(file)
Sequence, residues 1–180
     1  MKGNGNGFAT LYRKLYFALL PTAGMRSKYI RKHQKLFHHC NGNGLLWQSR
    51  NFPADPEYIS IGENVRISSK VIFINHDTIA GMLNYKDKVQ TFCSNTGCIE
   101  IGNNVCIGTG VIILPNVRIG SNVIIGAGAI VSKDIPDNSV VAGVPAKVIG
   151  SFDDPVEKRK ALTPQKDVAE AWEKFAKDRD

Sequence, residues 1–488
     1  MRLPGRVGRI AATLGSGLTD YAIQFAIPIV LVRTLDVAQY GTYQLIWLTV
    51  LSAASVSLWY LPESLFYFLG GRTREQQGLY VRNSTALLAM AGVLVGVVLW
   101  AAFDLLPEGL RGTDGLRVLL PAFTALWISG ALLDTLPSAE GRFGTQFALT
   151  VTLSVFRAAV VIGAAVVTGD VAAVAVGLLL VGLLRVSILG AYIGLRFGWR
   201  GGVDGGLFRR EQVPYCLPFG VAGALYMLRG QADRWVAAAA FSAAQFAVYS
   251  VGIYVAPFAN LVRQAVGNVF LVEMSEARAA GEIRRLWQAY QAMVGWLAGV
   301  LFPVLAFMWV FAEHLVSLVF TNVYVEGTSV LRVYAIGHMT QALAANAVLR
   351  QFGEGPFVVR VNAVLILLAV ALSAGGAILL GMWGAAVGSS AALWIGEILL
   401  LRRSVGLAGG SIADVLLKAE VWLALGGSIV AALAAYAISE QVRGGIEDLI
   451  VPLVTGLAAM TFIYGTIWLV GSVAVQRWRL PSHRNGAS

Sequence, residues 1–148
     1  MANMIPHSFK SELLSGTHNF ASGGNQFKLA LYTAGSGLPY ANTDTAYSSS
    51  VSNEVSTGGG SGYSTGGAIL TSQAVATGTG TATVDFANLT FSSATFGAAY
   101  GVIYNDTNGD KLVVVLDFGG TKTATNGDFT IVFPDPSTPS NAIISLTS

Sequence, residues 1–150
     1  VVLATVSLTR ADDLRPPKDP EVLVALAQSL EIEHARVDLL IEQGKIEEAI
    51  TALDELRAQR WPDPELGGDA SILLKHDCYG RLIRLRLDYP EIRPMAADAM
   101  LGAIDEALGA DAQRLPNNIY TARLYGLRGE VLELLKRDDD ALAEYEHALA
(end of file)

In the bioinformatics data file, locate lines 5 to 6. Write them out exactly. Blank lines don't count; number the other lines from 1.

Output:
   151  SFDDPVEKRK ALTPQKDVAE AWEKFAKDRD

Sequence, residues 1–488